It may seem like something from science fiction, but pretty soon you'll be reading your favourite newspaper in a digital device embedded in your bathroom mirror and then polish off the sports pages via a wearable heads-up display on the way up to your office.
That is just one of a number of predictions contained in a new report outlining some of the ways we may live in the not-so-distant future.
"Virtually everything and everyone we interact with will likely soon have the potential to be wired — containing embedded sensors and mobile technologies," says the Tech Trends 2013 report, published on recently by consultancy firm Deloitte.
Ubiquitous digital technology will mean you may soon "begin reading the morning paper in your bathroom mirror and continue listening to the text-to-voice version from the dashboard of your car during the traffic stops.
"Then finish through the heads-up display from your glasses on the elevator ride to your office."
Augmented reality devices, similar in style to those seen in the Minority Report movie, will also become a mainstay of everyday life, Deloitte predicts.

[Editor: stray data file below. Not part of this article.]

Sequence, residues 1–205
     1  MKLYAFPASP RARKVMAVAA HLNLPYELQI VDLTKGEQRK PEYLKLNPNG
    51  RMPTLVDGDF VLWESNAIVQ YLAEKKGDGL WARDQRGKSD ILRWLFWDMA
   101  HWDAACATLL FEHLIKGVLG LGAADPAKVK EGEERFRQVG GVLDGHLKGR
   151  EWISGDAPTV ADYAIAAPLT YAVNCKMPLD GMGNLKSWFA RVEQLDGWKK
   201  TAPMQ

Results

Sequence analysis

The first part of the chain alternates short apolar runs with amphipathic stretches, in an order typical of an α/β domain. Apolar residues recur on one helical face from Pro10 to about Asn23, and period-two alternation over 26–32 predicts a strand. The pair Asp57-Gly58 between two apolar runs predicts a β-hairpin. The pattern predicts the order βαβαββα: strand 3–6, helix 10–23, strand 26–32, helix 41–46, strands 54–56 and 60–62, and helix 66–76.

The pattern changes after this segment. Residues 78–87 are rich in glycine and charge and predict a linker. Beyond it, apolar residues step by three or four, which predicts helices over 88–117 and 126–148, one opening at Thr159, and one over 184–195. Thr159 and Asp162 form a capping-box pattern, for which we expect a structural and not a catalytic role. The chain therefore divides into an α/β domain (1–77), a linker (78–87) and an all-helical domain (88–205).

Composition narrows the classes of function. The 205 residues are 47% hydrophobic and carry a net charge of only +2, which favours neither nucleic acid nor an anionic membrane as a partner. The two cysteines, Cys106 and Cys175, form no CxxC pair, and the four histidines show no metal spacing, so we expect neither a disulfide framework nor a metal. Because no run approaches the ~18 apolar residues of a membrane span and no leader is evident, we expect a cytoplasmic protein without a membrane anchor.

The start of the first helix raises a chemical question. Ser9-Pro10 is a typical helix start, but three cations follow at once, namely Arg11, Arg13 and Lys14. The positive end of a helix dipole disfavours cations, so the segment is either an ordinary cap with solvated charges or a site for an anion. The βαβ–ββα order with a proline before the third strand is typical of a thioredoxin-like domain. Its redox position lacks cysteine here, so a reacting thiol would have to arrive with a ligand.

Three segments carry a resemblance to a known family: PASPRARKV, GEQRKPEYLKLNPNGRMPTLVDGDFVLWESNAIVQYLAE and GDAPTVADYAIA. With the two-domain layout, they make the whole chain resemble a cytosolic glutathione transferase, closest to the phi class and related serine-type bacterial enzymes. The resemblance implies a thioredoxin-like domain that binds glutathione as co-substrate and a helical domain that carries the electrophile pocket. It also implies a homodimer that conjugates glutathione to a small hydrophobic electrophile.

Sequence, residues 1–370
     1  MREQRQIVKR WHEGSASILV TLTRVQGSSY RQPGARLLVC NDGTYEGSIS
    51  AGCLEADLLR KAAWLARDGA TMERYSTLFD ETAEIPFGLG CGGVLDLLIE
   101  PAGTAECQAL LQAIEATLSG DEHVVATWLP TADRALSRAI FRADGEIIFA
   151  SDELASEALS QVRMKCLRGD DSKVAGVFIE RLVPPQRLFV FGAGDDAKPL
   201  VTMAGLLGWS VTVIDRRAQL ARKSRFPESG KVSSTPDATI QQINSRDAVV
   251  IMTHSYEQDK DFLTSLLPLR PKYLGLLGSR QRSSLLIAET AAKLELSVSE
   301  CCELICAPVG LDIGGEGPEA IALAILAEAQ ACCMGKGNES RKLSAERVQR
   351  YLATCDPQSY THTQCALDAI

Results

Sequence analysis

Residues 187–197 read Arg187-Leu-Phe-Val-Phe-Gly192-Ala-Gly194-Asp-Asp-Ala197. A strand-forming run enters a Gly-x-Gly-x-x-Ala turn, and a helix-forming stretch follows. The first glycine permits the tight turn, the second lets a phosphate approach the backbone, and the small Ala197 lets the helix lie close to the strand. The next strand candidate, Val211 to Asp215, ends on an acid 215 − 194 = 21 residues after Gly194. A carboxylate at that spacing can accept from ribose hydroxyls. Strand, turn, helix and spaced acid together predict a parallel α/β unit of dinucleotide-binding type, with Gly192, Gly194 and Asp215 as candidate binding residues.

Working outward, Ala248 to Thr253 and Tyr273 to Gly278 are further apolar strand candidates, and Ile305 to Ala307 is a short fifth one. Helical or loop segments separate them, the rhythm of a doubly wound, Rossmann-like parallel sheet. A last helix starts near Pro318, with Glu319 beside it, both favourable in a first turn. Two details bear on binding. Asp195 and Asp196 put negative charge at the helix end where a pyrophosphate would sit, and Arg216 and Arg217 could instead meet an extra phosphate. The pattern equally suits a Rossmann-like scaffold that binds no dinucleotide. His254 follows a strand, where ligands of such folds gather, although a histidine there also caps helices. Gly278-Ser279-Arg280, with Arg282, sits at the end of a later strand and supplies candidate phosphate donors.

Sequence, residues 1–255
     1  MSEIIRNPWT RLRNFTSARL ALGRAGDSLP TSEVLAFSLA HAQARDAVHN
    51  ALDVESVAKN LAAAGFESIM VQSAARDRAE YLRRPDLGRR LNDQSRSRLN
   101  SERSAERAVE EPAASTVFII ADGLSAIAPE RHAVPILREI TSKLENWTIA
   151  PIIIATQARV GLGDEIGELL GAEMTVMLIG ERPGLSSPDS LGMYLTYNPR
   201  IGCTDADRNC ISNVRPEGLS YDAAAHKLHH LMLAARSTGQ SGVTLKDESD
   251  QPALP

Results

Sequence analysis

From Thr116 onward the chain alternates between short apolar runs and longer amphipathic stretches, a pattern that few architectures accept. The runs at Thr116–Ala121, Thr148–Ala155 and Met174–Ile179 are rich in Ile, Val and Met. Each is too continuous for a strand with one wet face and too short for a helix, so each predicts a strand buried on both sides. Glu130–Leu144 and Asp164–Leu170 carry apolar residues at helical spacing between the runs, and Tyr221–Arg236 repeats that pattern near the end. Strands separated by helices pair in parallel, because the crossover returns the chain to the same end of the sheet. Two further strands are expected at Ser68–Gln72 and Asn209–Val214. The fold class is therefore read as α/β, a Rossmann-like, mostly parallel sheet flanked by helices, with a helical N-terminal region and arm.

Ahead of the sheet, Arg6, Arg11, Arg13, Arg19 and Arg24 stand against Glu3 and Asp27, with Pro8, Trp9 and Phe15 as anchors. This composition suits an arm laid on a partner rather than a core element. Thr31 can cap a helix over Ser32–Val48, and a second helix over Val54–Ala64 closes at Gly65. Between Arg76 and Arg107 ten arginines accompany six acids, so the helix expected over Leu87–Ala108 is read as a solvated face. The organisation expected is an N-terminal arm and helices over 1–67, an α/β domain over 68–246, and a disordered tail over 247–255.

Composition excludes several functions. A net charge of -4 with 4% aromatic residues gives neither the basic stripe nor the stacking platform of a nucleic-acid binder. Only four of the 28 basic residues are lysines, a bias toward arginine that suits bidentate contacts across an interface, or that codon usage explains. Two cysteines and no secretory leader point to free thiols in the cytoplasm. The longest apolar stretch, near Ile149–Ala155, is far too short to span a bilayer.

The firm points to the Sixth Sense device developed at Massachusetts Institute of Technology, which allows users to dial a phone using numerals beamed onto their hand, watch live video news reports on a hardcopy newspaper or use any flat surface (such as a wall) to instantly view pictures, emails or maps.
"This is not science fiction — but rather a business reality," Deloitte's report says.
Deloitte's technology lead partner, Robert Hillard, predicts we'll upgrade our mobile phones less frequently in the future.
Customers will become more focused on the apps and programs available on their phones rather than the devices themselves, he said.
Rather than upgrading phones every year, customers will upgrade every two or three years.
"I think it's fair to say people will hold onto their handsets for longer," Hillard said.
The Australian Communications and Media Authority (ACMA) released figures recently showing smartphone ownership increased by 104 per cent in 2012.
More than half of the nation's adult population now own a smartphone.
But despite Australia's rapid move into the digital space, Deloitte suggested the threat from cyber crime was sometimes overstated.
"I'm very, very cautious about talking about cyber (crime) and falling into the same trap that many have - jumping to the conclusion that the world is going to end, that cyber (crime) is the biggest threat to mankind," Hillard said.